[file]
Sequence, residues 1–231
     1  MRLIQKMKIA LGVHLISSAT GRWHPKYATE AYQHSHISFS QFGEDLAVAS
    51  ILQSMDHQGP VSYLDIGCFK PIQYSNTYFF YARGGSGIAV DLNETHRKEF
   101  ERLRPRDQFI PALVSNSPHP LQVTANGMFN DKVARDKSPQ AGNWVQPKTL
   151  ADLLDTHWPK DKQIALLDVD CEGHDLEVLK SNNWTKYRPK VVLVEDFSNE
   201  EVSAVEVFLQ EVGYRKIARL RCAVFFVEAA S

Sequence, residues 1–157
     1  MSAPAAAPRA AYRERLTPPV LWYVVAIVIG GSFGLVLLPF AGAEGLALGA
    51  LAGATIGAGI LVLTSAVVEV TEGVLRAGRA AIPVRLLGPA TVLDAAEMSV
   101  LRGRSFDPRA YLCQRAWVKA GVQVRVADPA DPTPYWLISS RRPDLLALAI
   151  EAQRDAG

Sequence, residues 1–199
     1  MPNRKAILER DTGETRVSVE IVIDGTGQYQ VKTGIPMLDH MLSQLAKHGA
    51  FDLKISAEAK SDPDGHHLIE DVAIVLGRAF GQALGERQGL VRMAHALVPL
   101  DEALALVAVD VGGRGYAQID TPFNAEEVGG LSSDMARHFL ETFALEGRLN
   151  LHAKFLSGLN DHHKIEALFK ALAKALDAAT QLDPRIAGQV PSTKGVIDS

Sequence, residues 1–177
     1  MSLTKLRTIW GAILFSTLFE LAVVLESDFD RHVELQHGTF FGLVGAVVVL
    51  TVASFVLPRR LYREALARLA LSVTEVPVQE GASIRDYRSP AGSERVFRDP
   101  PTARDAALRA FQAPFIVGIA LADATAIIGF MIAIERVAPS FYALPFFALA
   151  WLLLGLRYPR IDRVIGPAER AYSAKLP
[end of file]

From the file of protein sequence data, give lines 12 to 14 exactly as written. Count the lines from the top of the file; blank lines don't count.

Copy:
Sequence, residues 1–199
     1  MPNRKAILER DTGETRVSVE IVIDGTGQYQ VKTGIPMLDH MLSQLAKHGA
    51  FDLKISAEAK SDPDGHHLIE DVAIVLGRAF GQALGERQGL VRMAHALVPL